A Guide to Spectroscopy for Used Oil Analysis

Condition monitoring programs mainly focus on assessing the wear condition of equipment. Wear particles will be generated by oil wetted equipment throughout its service life. The rate and nature of the wear differ from initial break in through to the end of life seizure. Spectroscopy is the technique used for detection of wear and its severity, and can detect and measure the elements present in a material. The technique is based on the fact that every element is characterized by a unique atomic structure.

The addition of energy causes each element to release light of specific colors or wavelengths. The difference between the pattern of spectral lines between two elements helps to distinguish them from each other. The intensity of the light emitted varies in proportion to the amount of element that exists in the sample, enabling the determination of elemental concentration. Generally, these methods get their names from the technique employed for element excitation.

Flame Atomic Absorption Spectrometer (AAS)

Atomic absorption (AA) spectrometers (Figure 1) are not only inexpensive, but also have superior sensitivity and are often used for monitoring samples containing only a few elements. Atomic absorption forms the basis for this technique, where a specific atom will be involved in light absorption exactly at those wavelengths at which light will be emitted by them upon excitation.

The method involves the preparation of an oil sample by acid digestion, or dilution with a solvent, followed by the atomization of the resulting sample by a nebulizer, and the introduction into an oxygen-acetylene and nitrous oxide-acetylene flame. The light is provided by a radiation source like a hollow cathode ray tube for the elements under analysis and is directed to the detector through the flame.

Figure 1. PerkinElmer atomic absorption spectrometer

If the sample does not contain any of the elements, the amount of light directed through the flame and being quantified at the detector is the maximum. The absorption of light takes place with increasing concentration of the element being analyzed and consequently, the detector signal reduces.

If the sample does not contain any of the elements, the absorption of light will not take place and consequently, all of the incoming light is quantified at the detector. AA spectrometers can analyze typical elements of interest in oil samples, but their application in condition monitoring is limited because only one element is measured by them at a time. The lamp being used needs to be changed and the process described above is repeated to measure the next element. Trained lab technicians who are capable of rotating out the reference lamps and preparing the solutions are required to operate AA spectrometers.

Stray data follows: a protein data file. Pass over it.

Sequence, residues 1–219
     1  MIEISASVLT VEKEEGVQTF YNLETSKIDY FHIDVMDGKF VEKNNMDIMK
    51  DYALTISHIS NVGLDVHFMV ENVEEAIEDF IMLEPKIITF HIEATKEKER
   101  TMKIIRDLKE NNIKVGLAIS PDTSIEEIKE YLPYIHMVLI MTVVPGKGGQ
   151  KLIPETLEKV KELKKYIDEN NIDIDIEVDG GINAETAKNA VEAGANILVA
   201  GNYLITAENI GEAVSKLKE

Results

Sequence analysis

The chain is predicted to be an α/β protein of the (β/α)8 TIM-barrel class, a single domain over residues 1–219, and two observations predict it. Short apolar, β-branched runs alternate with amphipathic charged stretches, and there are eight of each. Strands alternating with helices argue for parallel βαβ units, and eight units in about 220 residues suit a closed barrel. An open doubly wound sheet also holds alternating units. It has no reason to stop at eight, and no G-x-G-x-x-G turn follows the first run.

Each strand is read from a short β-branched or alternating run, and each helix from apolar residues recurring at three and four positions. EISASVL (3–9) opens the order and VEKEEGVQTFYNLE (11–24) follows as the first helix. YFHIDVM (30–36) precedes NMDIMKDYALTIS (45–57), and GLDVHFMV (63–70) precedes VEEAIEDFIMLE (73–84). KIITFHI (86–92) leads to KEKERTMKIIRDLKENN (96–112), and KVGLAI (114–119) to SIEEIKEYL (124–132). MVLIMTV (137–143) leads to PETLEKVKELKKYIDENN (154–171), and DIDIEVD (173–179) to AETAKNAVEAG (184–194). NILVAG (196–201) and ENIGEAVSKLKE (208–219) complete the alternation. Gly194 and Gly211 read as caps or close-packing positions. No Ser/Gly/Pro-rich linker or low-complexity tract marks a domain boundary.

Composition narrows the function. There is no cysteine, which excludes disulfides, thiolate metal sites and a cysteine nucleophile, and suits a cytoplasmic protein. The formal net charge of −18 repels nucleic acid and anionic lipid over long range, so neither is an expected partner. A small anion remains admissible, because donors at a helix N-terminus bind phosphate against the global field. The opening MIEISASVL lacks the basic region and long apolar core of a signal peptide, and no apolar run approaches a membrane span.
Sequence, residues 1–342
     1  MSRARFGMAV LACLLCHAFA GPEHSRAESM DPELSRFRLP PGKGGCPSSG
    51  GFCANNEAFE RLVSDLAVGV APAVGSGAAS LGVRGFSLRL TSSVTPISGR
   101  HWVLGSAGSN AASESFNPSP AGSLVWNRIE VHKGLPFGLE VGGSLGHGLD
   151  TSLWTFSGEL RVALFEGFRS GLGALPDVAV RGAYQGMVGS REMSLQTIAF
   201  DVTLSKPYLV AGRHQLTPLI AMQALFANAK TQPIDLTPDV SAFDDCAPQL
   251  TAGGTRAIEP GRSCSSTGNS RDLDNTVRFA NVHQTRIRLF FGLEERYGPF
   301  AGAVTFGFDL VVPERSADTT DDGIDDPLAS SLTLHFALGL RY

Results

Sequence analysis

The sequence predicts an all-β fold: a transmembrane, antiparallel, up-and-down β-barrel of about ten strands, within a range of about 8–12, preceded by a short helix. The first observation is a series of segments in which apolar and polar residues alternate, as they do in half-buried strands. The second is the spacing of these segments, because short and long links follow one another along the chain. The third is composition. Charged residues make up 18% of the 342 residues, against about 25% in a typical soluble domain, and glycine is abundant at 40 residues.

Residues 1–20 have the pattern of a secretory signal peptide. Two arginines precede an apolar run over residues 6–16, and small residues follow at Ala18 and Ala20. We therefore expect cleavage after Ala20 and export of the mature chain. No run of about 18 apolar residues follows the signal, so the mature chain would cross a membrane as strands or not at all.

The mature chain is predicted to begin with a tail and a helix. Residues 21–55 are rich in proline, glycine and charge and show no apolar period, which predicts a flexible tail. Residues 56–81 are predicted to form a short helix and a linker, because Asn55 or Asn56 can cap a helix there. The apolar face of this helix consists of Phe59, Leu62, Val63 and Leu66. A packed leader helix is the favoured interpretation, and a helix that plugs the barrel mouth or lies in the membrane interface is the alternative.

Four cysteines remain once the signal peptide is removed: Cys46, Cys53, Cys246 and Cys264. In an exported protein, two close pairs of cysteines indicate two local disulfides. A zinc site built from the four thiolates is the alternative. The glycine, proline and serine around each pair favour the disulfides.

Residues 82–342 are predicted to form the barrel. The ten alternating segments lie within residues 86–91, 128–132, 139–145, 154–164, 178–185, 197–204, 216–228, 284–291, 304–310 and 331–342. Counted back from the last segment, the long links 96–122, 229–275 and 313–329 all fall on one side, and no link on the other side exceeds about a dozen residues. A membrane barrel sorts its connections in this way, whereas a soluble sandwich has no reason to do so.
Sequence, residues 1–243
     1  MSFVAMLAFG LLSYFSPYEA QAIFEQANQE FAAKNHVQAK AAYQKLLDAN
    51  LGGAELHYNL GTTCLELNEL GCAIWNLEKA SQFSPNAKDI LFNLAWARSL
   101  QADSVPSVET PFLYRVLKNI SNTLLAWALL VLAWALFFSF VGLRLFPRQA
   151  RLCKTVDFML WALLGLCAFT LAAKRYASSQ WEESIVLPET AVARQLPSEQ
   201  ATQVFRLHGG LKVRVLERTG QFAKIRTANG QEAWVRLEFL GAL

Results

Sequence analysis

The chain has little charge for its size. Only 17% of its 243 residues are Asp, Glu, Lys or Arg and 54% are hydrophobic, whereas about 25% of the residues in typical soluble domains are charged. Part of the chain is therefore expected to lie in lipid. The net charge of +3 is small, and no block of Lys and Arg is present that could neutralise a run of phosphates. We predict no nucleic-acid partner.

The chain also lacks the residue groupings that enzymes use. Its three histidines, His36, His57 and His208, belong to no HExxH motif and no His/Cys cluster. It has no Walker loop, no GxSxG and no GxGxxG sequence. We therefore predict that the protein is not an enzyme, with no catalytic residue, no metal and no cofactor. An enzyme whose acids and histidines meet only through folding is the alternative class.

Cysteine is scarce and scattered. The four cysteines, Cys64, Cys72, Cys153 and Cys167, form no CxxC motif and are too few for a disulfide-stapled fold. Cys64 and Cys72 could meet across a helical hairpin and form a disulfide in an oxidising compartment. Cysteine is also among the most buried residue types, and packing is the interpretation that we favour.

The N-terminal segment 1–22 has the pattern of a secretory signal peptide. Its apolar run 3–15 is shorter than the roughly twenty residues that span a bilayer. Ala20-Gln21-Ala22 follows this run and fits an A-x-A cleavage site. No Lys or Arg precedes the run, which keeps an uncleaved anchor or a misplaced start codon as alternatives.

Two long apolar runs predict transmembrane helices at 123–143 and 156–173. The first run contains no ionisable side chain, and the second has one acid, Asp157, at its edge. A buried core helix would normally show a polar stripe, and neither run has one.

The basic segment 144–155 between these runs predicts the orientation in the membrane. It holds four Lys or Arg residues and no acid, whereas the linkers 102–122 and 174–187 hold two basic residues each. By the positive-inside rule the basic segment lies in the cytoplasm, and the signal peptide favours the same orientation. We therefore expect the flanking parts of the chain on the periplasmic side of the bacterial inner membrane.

Inductively Coupled Plasma Spectroscopy (ICP)

Inductively coupled plasma (ICP) spectrometer (Figure 2) is another kind of spectrometer widely used for analyzing aqueous solutions and oil samples. In this method, a copper coil placed around the quartz tube carries a rapidly alternating electric current to excite the argon gas passing through the quartz tube to a very high temperature. Plasma refers to a hot, highly ionized gas emitting intense light. An electric spark initiates the plasma that partly ionizes some amount of the argon gas.

Figure 2. Spectro Analytical Instruments ICP optical emission spectrometer

The “dilute and shoot” method is the most widely used method by oil labs for regular oil analysis. An aerosol spray is produced by diluting an oil sample with kerosene (generally at a ratio of 9:1 kerosene to oil) and nebulising with a spray chamber. The next step is pumping just 1% of the sample to the torch to be energized in the plasma.

This method is not only accurate, but also has outstanding repeatability (below 3% RSD). Nevertheless, this method is not suitable for studying particles with a size larger than 5 µm, requiring additional sample preparation using microwave acid digestion. Manual loading is not feasible for ICP as it typically takes 2min to process each sample. Hence, autosamplers are generally employed.

ICP is widely used in high volume analytical laboratories where dedicated technicians and clean argon gas are readily available. The cost of argon gas usage is typically more than $1000 per month, and the gas supply is in either bulk storage or large Dewar tanks. The argon is being used for optics while the device is not in use.

ICP spectrometers are regarded as workhorses, but need a high level of maintenance. Sample volumes more than 250 samples/day are required to compensate for the high overhead costs needed to maintain the system to a degree of analytical readiness.

The advantages and disadvantages of the ICP spectrometer are as follows:

Advantages

  • Limited matrix effect
  • High throughput with automation
  • Flexibility to test other materials
  • Lower detection limits
  • Good accuracy and precision

Disadvantages

  • More complex to operate
  • Inefficient on particles bigger than 5 µm
  • Needs sample preparation for most lubricants
  • Needs special gases
  • Needs laboratory environment

Arc/Spark/Rotating Disk Electrode Spectroscopy (RDE)

Electric discharge is typically used as an excitation source in modern spectrometers. The source is intended to impart the energy produced in an arc or spark to the sample. Oil analysis spectrometers (Figure 3) involve setting up a large electric potential between two electrodes. Fixed tungsten or silver electrodes and disk and rod graphite electrodes are the two commonly used types, operating with an oil sample in the gap lingering between them.

Figure 3. Spectro Scientific MicroLab Series

A high-temperature electric arc is produced following the discharge of an electric charge stored in a capacitor, forming a plasma by vaporizing a fraction of the sample. The light emitted because of this process consists of emissions from all the elements that compose the sample. It is possible to separate these emissions into individual wavelengths and measure them using a properly designed optical system.